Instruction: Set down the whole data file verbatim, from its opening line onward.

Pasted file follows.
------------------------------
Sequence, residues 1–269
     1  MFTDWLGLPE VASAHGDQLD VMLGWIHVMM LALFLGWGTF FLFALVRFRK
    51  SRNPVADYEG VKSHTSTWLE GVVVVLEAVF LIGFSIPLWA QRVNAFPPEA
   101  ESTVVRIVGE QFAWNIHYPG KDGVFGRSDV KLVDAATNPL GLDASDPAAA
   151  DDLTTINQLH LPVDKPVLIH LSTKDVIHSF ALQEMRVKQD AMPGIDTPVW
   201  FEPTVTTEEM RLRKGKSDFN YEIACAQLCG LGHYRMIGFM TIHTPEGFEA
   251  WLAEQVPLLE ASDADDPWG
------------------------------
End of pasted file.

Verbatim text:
Sequence, residues 1–269
     1  MFTDWLGLPE VASAHGDQLD VMLGWIHVMM LALFLGWGTF FLFALVRFRK
    51  SRNPVADYEG VKSHTSTWLE GVVVVLEAVF LIGFSIPLWA QRVNAFPPEA
   101  ESTVVRIVGE QFAWNIHYPG KDGVFGRSDV KLVDAATNPL GLDASDPAAA
   151  DDLTTINQLH LPVDKPVLIH LSTKDVIHSF ALQEMRVKQD AMPGIDTPVW
   201  FEPTVTTEEM RLRKGKSDFN YEIACAQLCG LGHYRMIGFM TIHTPEGFEA
   251  WLAEQVPLLE ASDADDPWG